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Shoulder plane which one to buy

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Forum topic by robdem posted 321 days ago 1002 views 0 times favorited 14 replies Add to Favorites Watch
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robdem

285 posts in 1112 days


321 days ago

Looking to buy one of the veritas shoulder planes either the small or medium model. Will be using this plane on small mortise and tenon joints for jewelry boxes and some picture frames . i’am leaning toward the small model but would like some feed back and recommendations thanks for any and all help .


14 replies so far

View waho6o9's profile

waho6o9

4458 posts in 1083 days


#1 posted 321 days ago

Files and rasps should be given a look as well.

I find it easier to file to fit as opposed to plane it to fit.

I’d like a shoulder plane also, so I’ll keep an eye on the thread too.

View Woodbridge's profile

Woodbridge

2431 posts in 924 days


#2 posted 321 days ago

I originally bought the small Veritas shoulder plane but found it a bit small for some project tasks (mainly chair making). I have bought the medium one now. But for small boxes you might find the smalll one suits your needs.

-- Peter, Woodbridge, Ontario

View CessnaPilotBarry's profile

CessnaPilotBarry

871 posts in 616 days


#3 posted 321 days ago

Compare the length of the typical tenon face, or width of a rabbet, that you might adjust, and choose from there.

The fewer passes you have to make, the less chance of messing up the tenon face. You can always plane a tenon face that is shorter than the plane is wide, but you’ll have to make multiple passes if your plane is too narrow.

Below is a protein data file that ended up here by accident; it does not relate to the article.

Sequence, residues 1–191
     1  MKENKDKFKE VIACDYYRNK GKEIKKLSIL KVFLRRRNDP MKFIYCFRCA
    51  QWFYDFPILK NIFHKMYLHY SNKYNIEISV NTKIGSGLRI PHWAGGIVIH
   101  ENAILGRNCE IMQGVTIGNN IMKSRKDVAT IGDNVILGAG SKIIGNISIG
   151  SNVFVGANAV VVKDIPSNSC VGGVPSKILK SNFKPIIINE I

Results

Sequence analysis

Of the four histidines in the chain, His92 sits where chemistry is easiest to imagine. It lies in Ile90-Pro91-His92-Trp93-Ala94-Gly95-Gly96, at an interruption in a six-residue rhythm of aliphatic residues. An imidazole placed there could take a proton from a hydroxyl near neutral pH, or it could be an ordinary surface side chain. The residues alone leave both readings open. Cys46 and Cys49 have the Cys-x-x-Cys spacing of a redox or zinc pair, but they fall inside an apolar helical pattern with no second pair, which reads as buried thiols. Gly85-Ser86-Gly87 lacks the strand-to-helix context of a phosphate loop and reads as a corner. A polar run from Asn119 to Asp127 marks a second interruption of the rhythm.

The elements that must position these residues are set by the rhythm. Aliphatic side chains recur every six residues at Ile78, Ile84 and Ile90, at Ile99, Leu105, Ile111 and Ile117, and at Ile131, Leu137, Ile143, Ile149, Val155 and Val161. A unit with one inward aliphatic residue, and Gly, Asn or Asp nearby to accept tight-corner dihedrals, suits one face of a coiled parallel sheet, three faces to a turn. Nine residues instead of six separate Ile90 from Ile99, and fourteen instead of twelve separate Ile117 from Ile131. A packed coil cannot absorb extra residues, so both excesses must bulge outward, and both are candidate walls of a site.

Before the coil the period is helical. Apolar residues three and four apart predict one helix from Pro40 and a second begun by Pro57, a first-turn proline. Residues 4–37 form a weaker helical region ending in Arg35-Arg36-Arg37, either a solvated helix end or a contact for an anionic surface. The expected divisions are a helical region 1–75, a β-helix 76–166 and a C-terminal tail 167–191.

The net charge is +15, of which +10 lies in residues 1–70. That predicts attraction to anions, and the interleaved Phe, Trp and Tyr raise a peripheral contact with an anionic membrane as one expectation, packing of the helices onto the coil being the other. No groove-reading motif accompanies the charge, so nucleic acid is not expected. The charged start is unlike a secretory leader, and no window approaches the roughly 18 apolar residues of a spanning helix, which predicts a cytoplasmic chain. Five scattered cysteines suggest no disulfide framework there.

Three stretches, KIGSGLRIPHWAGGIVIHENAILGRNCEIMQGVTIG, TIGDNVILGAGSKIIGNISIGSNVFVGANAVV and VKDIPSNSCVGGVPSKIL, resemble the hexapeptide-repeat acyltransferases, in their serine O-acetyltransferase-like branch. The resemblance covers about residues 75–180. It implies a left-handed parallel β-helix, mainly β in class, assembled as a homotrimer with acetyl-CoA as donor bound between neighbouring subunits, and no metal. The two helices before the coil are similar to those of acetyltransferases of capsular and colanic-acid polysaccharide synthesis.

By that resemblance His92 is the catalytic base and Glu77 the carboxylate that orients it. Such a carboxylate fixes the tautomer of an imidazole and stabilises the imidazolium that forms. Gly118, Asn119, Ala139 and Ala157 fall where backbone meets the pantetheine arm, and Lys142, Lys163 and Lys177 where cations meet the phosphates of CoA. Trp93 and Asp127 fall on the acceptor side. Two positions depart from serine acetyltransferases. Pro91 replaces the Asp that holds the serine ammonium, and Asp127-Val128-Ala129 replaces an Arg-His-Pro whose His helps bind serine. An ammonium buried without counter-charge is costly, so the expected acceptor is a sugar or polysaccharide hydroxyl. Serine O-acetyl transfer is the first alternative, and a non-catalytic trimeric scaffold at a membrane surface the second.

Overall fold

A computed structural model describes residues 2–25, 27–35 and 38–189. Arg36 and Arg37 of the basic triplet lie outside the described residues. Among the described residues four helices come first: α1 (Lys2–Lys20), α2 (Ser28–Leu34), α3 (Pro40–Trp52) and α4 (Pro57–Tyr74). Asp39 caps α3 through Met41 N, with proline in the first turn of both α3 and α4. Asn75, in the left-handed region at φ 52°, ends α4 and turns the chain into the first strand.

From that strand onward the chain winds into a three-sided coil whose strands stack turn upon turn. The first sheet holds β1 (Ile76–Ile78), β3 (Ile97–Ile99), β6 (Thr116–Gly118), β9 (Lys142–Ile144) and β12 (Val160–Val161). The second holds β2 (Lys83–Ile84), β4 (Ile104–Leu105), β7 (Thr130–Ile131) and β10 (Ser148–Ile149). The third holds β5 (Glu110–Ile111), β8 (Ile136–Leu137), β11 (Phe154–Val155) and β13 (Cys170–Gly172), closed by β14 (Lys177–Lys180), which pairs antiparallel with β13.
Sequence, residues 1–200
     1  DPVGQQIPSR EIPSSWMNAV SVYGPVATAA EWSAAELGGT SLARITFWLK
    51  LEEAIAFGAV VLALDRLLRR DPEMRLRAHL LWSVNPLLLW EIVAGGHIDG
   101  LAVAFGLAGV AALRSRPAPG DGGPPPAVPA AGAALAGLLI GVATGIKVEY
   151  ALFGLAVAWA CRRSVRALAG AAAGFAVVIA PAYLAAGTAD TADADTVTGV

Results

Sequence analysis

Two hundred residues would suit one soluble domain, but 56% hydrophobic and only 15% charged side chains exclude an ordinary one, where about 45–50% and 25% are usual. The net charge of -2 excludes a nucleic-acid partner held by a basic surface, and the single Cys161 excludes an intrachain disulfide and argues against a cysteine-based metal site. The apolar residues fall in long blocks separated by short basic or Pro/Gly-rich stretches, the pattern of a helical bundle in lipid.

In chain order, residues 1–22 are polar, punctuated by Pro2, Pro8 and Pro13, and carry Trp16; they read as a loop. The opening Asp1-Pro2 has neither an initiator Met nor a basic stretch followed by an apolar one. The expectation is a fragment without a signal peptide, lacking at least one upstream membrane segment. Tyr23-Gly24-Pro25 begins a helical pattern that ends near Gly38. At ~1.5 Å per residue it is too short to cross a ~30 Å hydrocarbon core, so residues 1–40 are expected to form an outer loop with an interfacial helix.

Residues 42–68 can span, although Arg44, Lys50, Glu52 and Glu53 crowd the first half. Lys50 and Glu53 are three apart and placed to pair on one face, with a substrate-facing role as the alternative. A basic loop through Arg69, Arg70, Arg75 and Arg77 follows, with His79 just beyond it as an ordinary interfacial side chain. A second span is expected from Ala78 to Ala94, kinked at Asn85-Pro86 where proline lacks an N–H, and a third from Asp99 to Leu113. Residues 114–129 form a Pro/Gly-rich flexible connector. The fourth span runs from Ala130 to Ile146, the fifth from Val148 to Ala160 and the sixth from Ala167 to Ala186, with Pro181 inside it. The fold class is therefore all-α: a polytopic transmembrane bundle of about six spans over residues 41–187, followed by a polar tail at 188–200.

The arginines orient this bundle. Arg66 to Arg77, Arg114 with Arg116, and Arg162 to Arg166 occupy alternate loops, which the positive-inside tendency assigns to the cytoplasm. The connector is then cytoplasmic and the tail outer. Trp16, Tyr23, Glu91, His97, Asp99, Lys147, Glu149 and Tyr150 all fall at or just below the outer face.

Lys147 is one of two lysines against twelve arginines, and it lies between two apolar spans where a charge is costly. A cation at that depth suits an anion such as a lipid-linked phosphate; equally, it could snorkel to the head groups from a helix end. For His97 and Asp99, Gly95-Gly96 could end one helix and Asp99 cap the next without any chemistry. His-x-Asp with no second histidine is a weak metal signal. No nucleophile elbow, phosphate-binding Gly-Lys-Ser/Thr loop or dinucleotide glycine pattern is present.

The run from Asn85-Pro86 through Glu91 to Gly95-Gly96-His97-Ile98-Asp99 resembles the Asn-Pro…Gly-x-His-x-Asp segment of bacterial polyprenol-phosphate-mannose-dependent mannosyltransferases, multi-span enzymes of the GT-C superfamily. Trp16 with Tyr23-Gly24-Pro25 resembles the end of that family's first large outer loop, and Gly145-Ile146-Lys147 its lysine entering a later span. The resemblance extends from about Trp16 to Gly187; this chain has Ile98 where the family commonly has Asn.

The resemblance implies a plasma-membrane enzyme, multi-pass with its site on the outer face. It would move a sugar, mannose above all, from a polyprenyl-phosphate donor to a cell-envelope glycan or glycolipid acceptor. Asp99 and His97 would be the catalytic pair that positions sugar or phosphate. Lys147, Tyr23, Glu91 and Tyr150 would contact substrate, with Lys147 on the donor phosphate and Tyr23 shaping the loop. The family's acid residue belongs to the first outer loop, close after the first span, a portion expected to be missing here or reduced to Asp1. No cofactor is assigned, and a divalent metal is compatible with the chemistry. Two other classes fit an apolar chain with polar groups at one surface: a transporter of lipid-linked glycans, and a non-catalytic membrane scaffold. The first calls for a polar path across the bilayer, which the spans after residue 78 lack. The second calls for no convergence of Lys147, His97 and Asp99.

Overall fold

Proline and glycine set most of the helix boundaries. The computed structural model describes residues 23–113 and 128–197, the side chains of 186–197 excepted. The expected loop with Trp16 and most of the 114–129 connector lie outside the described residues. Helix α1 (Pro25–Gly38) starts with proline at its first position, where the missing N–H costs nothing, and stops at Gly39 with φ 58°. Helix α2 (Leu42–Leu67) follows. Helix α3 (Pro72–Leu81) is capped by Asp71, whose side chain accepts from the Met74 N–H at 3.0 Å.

Don’t pass by a rabbet block, either… They’re wider than most shoulder planes.

You would typically flatten the floor of a dado or groove with a router plane, so don’t choose your shoulder plane based on thoughts of fitting in a housed groove.

-- It's all good, if it's wood...

View AandCstyle's profile

AandCstyle

1136 posts in 763 days


#4 posted 321 days ago

I have the medium one and love it, but I make furniture mostly so it might be too big for your projects. I tried using a file and had a hard time keeping everything square, YMMV.

-- Art

View robdem's profile

robdem

285 posts in 1112 days


#5 posted 321 days ago

Thanks for the input guys .

View Smitty_Cabinetshop's profile

Smitty_Cabinetshop

9134 posts in 1125 days


#6 posted 321 days ago

^ +1 to what Barry says, he’s got good insight there!

-- Don't anthropomorphize your handplanes. They hate it when you do that. -- OldTools Archive

View Paul C.'s profile

Paul C.

154 posts in 1752 days


#7 posted 321 days ago

I have the medium, and really love it, but if I were to do it again, I would buy the large shoulder plane.

View Texchappy's profile

Texchappy

248 posts in 727 days


#8 posted 318 days ago

This is somewhat timely as a shoulder plane is one of the few tools I need to complete the shaker table I’m planning (just got the Chris Schwarz DVD).

-- Wood is not velveeta